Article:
There it was -- 825 pounds of string tightly wound into a mammoth ball -- holding its own among marble busts of Roman emperors, a hand-carved Victorian mantle and framed works of art.
Hundreds watched anxiously at a Timonium auction house yesterday as two men battled to take home the treasure -- a 4-foot-high relic of the fabled and defunct Haussner's Restaurant of Eastern Avenue.
Sold to a man at the back of the packed Richard Opfer auction house yesterday. The string -- made from laundry twine used to package clean tablecloths and napkins -- will now sit in an antique store in Fells Point.
"This is what I came here for," said the ball's new owner, Robert Gerber. "It's one of a kind, and it needs to stay in Baltimore. I told my wife I was in for $12,000 to $15,000, maybe more."
The shaggy ball of string wasn't the most aesthetically pleasing piece sold yesterday at Richard Opfer Auctioneering, but it was the buzz of the room and kicked off the second sale of items from the family-owned restaurant that was a Highlandtown landmark for 73 years.
By day's end, the 502-lot sale of furniture, fine and decorative art, sculpture, porcelain and glass brought in more than $2.1 million. The first sale of Haussner's art and exotica, held at Sotheby's in New York, took in more than $12 million.
"The whole response has been unbelieveable," said Francie Haussner George, whose parents founded the restaurant. "I had no idea we were involved in that many people's lives."
George said the money will go into trust funds.
Sotheby's, which attracted high-profile collectors and telephone bids from Europe and Asia, sold the top 20 percent of the Haussner collection, and Opfer got 80 percent, a portion of which was sold yesterday. Opfer has scheduled two more sales for Jan. 15 and Jan. 16.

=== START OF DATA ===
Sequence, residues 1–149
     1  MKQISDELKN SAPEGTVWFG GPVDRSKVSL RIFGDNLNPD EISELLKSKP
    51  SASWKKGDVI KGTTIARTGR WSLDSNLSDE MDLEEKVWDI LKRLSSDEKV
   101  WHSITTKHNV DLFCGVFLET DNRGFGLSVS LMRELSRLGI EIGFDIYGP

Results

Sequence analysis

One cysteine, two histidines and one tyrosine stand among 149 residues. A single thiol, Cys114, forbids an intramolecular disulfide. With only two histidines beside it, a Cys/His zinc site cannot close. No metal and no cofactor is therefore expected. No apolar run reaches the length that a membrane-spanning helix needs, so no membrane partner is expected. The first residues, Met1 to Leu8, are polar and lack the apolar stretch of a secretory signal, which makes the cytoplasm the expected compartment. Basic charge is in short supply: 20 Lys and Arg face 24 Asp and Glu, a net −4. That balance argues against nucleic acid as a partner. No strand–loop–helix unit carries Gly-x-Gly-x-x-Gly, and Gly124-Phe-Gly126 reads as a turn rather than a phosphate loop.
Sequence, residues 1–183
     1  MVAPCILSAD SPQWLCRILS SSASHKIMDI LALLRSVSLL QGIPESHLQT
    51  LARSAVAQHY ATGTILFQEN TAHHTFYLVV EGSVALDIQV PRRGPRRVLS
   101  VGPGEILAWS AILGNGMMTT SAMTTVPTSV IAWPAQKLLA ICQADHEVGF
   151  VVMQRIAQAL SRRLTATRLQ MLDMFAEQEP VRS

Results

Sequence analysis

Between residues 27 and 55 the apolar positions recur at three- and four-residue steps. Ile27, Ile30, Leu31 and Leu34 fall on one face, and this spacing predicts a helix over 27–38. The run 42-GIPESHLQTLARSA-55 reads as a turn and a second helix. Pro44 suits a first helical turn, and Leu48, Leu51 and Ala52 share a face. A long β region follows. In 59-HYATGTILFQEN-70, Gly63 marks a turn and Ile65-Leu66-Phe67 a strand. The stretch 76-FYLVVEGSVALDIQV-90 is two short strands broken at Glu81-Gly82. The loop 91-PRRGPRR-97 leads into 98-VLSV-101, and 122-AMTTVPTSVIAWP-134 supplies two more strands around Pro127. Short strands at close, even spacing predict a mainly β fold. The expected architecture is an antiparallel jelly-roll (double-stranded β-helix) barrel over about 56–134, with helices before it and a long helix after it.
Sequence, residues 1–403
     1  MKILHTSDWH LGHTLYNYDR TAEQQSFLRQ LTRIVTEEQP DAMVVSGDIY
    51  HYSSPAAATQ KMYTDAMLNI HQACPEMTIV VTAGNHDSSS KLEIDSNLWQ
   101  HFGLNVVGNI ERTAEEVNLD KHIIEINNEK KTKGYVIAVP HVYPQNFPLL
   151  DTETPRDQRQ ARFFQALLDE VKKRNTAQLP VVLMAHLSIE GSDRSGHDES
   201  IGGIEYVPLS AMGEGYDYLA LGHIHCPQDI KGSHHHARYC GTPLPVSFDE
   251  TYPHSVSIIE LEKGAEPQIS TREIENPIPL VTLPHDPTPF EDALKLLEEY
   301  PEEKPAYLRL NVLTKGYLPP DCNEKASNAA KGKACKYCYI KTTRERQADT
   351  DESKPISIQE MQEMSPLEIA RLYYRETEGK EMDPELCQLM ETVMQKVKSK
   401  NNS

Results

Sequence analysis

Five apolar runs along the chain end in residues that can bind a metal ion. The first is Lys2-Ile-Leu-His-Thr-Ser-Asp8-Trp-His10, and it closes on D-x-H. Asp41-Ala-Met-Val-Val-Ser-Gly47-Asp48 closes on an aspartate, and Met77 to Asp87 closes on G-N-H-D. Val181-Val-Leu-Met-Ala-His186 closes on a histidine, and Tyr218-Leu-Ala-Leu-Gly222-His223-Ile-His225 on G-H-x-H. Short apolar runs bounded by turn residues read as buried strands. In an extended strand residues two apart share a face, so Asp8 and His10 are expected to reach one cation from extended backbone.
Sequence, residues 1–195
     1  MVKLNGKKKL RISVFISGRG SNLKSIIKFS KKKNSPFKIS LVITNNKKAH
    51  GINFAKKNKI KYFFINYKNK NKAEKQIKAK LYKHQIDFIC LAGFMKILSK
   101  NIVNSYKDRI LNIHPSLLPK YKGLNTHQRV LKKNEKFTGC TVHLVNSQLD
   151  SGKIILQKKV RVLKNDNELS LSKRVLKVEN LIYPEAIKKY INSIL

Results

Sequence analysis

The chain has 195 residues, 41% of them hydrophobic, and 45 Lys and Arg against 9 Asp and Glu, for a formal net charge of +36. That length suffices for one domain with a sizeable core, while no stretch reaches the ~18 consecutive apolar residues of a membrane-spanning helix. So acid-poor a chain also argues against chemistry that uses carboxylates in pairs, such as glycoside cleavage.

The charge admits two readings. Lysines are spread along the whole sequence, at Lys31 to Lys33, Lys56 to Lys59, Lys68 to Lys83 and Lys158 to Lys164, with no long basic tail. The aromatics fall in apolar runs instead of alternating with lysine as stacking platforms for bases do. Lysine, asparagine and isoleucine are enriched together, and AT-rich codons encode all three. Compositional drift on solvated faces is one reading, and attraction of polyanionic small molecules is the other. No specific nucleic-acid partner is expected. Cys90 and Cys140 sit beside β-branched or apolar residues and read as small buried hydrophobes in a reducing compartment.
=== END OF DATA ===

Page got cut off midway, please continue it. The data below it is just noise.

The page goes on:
The next sale will feature nostalgic items such as old menus, Frances Haussner's cookbook collection and beer steins, as well as Asian objects.
"It's a collection no one has ever had a chance to buy, and everyone knows about it," Opfer said.
The average cost of the lots was around $4,000, according to Opfer. For some people, the prices were overwhelming.
Taking a break from the standing-room-only auction room, Reinhard Eisener of Washington stood in awe at the frenzied spending. He wasn't buying, only watching.
"I'm surprised things are that expensive," said Eisener, who came to the auction with his friend Ruben McCornack. "Obviously, there's a lot of emotion behind it."
McCornack, who also lives in Washington, said the bidding was out of his range. Like many who shelled out a refundable $250 to gain entry, McCornack had hoped to snag a piece of his favorite Baltimore restaurant. "It doesn't look like my wife is going to get a Christmas present from the Haussner estate," he said.
The restaurant at Eastern Avenue and Clinton Street was known for its combination of fine food -- marked by German specialties and seafood -- and atmosphere.
It closed in September to long lines waiting for one last crab cake and plate of schnitzel.
George, who operated the restaurant with her husband, Steve, chose to sell the art in a series of auctions at Sotheby's and in Baltimore.
The building and its equipment was donated to the Baltimore International College to be used as a culinary center.
Peggy Nolker is sad to see the restaurant closed. She had gone there since she was 7 years old, often for birthdays, Christmas Eve dinners and anniversaries. She was especially interested in seeing who bought the ball of string.
"It's most peculiar, it's just an oddity," said Nolker, 62. "I just don't know who would want it and what they would do with it."
Gerber said his business partner, Robert Jansen, will pick the ball up today and display it in the front window of the Antique Man in the 1700 block of Fleet St. It should be right at home with such attractions as a 12-foot, two-headed mummy and a severed foot that once belonged to a railroad man.
Though it's not the biggest ball of twine in the country, the Haussner's sphere is no peewee. According to a label from the mid-1970s, the string measures 337.5 miles, enough to stretch from Baltimore to Rhode Island with room to spare.
The string was once wrapped around bundles of napkins. Frances Wilke Haussner, who founded the restaurant with her husband, William Henry Haussner, thought it would be good to save to remind the staff not to use the linen as cleaning cloth.
They rolled the string into small balls, and then into the big ball until sometime in the 1970s when napkins arrived wrapped in plastic.
Opfer said he chose the ball as the first item because it is a symbol of Haussner's and represents the hard work of its founders.